By Leah Gerstenlauer of Dance Informa.
The end of 2013 is nigh, dear readers! With the New Year in sight, it’s high time to take the pulse of the dance nation. Not ready for a cross-country trek? Not to worry. Eight artists hailing from companies throughout the United States have shared their reflections on the current dance season with us, and you’re invited to sit back, relax and enjoy the read.
Jim Nowakowski, Houston Ballet
“This season, I am most excited for Houston Ballet’s tour to Paris. I have never been there, and it is a huge honor that a select few of us have the opportunity to perform a new creation by our director [Stanton Welch] at the Theatre des Champs Elysees. I am also looking forward to a mixed repertory program called Modern Masters that consists of works by [Jiří] Kylián, [William] Forsythe and [George] Balanchine. I am hoping to perform in the middle, somewhat elevated, which is one of my favorite ballets. The movement feels so natural to me.”
“Also, I am looking forward to other great things [Houston Ballet] has in store: hopefully more tours, more company members, new creations and world premieres — and hopefully being promoted to soloist one day…”
Shoshana Rosenfield, Intermezzo Dance Company
“I have always enjoyed dancing and working on the many plot-less ballets we were fortunate enough to perform at New York City Ballet. I loved being able to dance and just have the music, you and the steps. The piece I recently worked on for Intermezzo required telling a story. To me, this is a more foreign concept and slightly intimidating territory. It forced me to really commit to being a character and try to embody a whole different being and persona that does not come naturally to who I am as a person and as a dancer. This is what I love about dance. It always pushes me.”
“This new dance company has pulled together dancers and choreographers from very different backgrounds and at very different points in our lives and allowed us to collaborate… we put everything aside as we stepped into the studio to rehearse, dance, laugh and create. Working with this great group and getting to know them as artists and as people has been a very exciting and rewarding experience. “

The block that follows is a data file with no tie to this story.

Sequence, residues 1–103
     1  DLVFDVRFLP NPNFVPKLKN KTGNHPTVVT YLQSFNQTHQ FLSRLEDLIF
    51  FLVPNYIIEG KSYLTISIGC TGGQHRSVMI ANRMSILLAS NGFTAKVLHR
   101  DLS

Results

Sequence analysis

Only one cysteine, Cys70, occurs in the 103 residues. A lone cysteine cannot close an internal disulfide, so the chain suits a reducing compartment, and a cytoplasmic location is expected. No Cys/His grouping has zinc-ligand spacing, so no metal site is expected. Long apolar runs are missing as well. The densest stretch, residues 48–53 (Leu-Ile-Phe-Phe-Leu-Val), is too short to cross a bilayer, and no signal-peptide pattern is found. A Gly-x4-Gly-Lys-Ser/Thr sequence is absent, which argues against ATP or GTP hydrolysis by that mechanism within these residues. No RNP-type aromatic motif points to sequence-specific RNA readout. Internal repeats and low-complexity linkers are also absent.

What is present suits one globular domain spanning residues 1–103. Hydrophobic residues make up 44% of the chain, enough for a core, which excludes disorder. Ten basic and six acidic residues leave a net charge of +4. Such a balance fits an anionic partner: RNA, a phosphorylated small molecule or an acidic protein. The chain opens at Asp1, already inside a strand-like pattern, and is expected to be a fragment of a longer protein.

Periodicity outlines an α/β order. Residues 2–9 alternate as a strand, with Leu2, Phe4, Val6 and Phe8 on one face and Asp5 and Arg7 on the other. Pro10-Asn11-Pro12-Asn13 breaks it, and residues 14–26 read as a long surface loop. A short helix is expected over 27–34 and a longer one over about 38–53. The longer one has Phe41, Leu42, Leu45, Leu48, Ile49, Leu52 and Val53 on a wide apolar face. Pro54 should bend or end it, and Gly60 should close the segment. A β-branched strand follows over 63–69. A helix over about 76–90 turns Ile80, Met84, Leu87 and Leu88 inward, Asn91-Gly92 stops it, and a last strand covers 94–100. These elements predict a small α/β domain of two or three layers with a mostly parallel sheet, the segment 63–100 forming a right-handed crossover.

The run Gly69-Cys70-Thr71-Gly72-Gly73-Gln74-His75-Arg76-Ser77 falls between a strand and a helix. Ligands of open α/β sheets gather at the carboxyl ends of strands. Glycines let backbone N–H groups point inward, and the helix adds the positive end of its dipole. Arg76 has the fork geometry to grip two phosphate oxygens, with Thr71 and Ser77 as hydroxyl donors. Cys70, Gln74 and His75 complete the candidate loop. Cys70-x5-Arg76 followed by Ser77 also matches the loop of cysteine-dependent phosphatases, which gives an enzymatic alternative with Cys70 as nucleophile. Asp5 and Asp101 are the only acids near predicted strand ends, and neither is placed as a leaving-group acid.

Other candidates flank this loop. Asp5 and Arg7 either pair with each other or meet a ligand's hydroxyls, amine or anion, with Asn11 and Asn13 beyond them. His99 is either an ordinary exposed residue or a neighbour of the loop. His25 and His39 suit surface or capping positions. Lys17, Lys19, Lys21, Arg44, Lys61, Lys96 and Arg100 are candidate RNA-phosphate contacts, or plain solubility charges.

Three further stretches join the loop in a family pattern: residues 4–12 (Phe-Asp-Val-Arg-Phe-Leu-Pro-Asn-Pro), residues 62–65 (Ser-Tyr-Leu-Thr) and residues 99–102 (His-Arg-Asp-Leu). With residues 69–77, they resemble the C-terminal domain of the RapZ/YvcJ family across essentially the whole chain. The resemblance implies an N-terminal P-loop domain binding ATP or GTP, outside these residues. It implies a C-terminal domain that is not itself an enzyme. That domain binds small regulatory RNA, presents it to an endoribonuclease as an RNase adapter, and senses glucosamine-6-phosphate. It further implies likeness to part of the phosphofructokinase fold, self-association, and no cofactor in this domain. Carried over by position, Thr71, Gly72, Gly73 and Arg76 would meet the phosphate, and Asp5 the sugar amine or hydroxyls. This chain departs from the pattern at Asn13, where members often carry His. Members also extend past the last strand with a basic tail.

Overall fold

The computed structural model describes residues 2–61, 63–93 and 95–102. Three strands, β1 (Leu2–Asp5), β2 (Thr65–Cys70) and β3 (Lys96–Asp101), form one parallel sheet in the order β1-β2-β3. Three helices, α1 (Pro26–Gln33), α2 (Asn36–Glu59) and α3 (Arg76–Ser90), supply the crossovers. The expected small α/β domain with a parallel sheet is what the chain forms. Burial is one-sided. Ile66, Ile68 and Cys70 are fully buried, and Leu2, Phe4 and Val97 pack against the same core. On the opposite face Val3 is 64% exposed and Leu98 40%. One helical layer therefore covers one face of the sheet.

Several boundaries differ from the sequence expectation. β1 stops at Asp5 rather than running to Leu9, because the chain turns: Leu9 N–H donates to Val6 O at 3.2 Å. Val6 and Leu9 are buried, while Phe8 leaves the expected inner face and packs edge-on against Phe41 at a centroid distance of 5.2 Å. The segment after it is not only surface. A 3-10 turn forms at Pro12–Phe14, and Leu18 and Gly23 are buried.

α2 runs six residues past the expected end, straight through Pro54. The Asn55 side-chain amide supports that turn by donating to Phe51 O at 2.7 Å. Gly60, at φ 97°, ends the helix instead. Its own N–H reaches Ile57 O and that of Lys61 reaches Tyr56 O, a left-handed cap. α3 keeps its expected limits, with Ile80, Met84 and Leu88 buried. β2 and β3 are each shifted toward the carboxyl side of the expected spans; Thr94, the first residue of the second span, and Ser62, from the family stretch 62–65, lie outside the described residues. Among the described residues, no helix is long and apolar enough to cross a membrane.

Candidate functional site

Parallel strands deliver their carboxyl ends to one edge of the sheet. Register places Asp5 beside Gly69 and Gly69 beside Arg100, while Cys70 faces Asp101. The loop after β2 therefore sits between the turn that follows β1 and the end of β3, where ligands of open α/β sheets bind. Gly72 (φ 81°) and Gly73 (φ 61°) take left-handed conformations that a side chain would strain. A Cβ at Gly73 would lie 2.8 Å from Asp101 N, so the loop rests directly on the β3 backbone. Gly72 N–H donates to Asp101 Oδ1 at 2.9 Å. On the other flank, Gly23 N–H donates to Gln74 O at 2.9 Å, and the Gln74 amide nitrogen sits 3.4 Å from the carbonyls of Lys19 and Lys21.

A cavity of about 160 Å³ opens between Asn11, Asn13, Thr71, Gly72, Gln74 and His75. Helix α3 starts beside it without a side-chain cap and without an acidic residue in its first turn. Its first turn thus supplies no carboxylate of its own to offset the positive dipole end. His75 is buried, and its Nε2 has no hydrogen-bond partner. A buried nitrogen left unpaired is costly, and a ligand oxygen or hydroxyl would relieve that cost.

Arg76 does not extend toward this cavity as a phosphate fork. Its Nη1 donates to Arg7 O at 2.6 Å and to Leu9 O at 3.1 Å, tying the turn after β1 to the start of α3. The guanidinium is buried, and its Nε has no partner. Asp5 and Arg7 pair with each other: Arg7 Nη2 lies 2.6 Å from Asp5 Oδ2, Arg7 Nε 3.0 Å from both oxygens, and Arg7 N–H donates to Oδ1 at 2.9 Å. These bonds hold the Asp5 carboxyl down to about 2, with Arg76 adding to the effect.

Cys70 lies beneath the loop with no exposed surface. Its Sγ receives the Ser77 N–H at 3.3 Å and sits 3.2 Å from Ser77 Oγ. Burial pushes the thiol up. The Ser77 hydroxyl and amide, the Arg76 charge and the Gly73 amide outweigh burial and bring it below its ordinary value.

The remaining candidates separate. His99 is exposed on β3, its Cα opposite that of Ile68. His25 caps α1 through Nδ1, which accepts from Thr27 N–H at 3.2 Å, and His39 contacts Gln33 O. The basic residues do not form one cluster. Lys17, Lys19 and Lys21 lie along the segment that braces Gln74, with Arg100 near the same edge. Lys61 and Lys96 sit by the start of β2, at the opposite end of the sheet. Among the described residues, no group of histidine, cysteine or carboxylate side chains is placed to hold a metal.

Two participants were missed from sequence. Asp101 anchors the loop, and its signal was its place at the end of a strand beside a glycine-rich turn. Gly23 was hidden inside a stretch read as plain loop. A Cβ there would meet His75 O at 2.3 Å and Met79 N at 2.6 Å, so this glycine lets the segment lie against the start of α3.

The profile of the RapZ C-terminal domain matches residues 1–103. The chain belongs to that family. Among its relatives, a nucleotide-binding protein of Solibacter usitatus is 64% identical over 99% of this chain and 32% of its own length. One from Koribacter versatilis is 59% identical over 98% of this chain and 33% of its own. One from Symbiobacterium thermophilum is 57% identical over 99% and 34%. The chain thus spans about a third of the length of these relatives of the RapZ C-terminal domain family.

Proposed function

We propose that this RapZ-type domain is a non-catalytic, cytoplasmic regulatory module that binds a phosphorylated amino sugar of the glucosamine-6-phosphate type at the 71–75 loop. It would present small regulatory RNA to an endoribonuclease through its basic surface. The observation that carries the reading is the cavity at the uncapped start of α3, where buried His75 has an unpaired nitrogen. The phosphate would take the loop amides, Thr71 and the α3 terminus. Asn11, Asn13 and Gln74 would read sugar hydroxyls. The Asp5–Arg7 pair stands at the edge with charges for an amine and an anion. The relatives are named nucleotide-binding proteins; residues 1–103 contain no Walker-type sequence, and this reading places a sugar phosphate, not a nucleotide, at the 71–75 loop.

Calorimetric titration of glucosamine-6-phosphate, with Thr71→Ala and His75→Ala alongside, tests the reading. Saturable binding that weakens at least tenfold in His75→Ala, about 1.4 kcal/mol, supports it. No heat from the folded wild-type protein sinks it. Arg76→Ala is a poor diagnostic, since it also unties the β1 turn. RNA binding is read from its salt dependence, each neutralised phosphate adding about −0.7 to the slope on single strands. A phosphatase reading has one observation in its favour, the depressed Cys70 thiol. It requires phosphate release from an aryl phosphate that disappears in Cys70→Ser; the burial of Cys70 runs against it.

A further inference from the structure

Amy Gilson, American Contemporary Ballet
“I’m part of a newer company that presents original contemporary classical ballets in Los Angeles. It has been exciting to be involved in the creative process of producing original choreographic works that, though rooted in the tradition of classical ballet, continue to build on it. This season, we’re partnering with The Da Camera Society, a chamber music organization, to present ballets with live music, and it has been a privilege to perform with [them]. Many larger ballet companies don’t have the resources to fund musicians, so when a smaller company is able to present their work with live music, it is a unique opportunity. It’s also something that I, as a Juilliard-trained musician (I play the harp and piano), have a keen appreciation for. My two worlds are colliding in a beautiful way!”
Mark Krieger, Louisville Ballet
“We started the season off with Swan Lake, which is the first ballet I ever performed in. It was when I first started dancing, and I remember that I was in the hunting party. No dancing – just me and a crossbow. It was exciting [to revive] because it’s one of my top five favorite ballets.”
“Also, I’m psyched to perform in La Sylphide, which I’ve never done before. And my director is Scottish, so I think the work atmosphere will be very entertaining — not to mention that the ballet is beautiful.”
Cynthia Harada, Houston Metropolitan Dance Company